“We are taking strides in the right direction of creating a culture that incorporates acting and training like a champion every day,” said first-year coach Blake Satterfield.

The Lady Jackets will return the entire lineup next season.

Yellow Jacket Golf Classic is June 2

The 10th annual Yellow Jacket Golf Classic will be held on Saturday, June 2, beginning at 8 a.m. at Long Hollow Golf Course in Gallatin.

The entry fee is $400 for the four-person scramble.

For more information, call Ben Johnson at 615-417-5170 or Brad Waggoner at 404-680-9573.

Wilhelm ousted as TCHS girls basketball coach

The Trousdale County girls basketball team will have a new coach on the sideline next season after coach Jeremy Wilhelm was informed Friday that he will not be retained in that position.

Wilhelm was informed of the decision by Director of Schools Clint Satterfield.

Jeremy Wilhelm

In his nine seasons with the Lady Jackets, Wilhelm had a 93-157 overall record and went 33-49 in regular-season district play. His teams went 4-11 in district tournament play and 1-5 in region tournaments. That one win was a home quarterfinal upset of Clarkrange in 2011.

The Lady Jackets finished the most recent season at 9-17 overall and 6-8 in District 6-A before losing at Clay County in the district quarterfinals.

“Coach Wilhelm is an outstanding employee in our school district, for which we value his service to students,” Satterfield said. “Under much thought and reflection, I have decided to reassign his coaching responsibilities for 2018-19.

“Coach Wilhelm will remain as a teacher and a coach in our school district, but will no longer be responsible for high school girls basketball.”

Satterfield said the district would be accepting applications for the coaching vacancy through May 11 and had a goal of having a new coach in place by May 18.

Yellow Jackets football to practice against Smith Co.

The Trousdale County Yellow Jackets will conclude their spring football practice next week with a practice against Smith County on May 16.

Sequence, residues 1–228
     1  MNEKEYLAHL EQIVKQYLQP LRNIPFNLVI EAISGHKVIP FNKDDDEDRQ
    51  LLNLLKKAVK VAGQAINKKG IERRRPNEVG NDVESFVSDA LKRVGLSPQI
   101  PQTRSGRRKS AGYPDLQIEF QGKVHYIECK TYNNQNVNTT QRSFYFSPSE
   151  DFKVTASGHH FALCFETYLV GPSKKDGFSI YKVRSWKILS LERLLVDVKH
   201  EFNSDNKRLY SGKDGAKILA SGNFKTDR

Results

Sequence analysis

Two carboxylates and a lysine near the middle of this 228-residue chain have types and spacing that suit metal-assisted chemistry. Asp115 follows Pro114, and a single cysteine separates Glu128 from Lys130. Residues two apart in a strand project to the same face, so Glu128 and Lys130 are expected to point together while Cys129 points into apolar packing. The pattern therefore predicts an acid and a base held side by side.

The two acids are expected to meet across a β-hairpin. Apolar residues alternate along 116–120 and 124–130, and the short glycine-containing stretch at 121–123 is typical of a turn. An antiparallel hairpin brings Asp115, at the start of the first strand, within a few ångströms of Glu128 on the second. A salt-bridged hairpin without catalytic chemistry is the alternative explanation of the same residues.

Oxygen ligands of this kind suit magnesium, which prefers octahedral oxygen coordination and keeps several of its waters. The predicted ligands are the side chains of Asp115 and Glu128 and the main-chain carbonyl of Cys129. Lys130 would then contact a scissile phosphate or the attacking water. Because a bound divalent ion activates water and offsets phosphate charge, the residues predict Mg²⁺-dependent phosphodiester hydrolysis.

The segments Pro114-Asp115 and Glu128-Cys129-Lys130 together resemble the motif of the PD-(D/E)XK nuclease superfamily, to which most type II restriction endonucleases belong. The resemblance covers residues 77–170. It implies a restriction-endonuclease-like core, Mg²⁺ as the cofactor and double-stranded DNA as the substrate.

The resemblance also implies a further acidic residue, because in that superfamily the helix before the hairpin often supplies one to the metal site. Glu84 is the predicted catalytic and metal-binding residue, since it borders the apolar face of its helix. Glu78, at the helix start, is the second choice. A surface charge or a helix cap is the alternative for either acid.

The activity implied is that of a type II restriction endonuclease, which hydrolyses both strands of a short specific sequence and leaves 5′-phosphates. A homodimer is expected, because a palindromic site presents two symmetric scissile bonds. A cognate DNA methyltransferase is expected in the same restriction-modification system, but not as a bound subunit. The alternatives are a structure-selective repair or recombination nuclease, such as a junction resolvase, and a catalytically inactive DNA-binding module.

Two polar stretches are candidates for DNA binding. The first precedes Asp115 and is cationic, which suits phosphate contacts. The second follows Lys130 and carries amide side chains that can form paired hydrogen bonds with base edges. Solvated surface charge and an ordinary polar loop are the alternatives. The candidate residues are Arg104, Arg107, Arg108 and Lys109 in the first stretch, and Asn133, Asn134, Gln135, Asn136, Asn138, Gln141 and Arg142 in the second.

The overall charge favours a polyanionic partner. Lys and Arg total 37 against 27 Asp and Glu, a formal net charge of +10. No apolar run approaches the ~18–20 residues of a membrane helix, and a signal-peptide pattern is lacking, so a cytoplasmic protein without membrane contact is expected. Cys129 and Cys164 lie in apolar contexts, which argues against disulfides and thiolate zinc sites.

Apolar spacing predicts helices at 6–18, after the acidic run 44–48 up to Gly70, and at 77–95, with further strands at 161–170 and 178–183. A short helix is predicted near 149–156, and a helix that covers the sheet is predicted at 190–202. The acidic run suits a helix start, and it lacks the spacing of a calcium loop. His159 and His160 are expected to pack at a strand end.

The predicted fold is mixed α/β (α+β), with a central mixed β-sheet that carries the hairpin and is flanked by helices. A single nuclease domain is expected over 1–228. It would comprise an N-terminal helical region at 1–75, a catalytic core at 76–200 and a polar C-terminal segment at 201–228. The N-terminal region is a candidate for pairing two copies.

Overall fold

“We are looking to practice against someone else so that we can hit somebody else other than ourselves and work to get our guys better as we head into the summer part of our program,” said coach Brad Waggoner.

As of press time, no start time had been set for the event, which will be held on the practice field at the TCHS football facility.

Golf tournament: The 10th annual Yellow Jacket Golf Classic will be held on Saturday, June 2, beginning at 8 a.m. at Long Hollow Golf Course in Gallatin.

The entry fee is $400 for the four-person scramble.

For more information, call Ben Johnson at 615-417-5170 or Waggoner at 404-680-9573.

TCHS softball beats Clarkrange to open district tournament

The Trousdale County Lady Jackets concluded their regular season last week with two district losses before advancing with a win to open the District 6-A Tournament.

The Lady Jackets (9-9-1) faced the Clarkrange Lady Buffaloes to open tournament play and were untested in an 11-0 home victory in five innings. Coach Blake Satterfield’s girls scored three runs in the first inning, four in the second and four in the third.

Chris Gregory / Hartsville Vidette
Trousdale County’s Camyron Hurd lays down a bunt single against Clarkrange.

Freshman Hannah Hailey tossed a one-hitter and recorded nine strikeouts.

At the plate, freshman Makayla Crook was 2-for-3 with an RBI and two runs scored. Junior Camyron Hurd was 1-for-3 with two RBIs and scored three times. Hailey added a hit as did classmates Faith Winter, Rebecca Chapman and Kirsten Eversole.

On April 30 at Gordonsville, the Lady Jackets gave up five runs in the first inning, one in the second and seven in the fourth of a 13-0 loss to the Tigerettes. The Lady Jackets committed seven errors in losing their 20th game in a row to Gordonsville.

Hailey had two of the Lady Jackets’ five hits, while Winter, Hurd and Crook also had hits.

The following day at Red Boiling Springs, the Lady Jackets allowed six runs in the third and fourth innings and fell 13-4 to the Lady Bulldogs, the eighth straight loss in that series.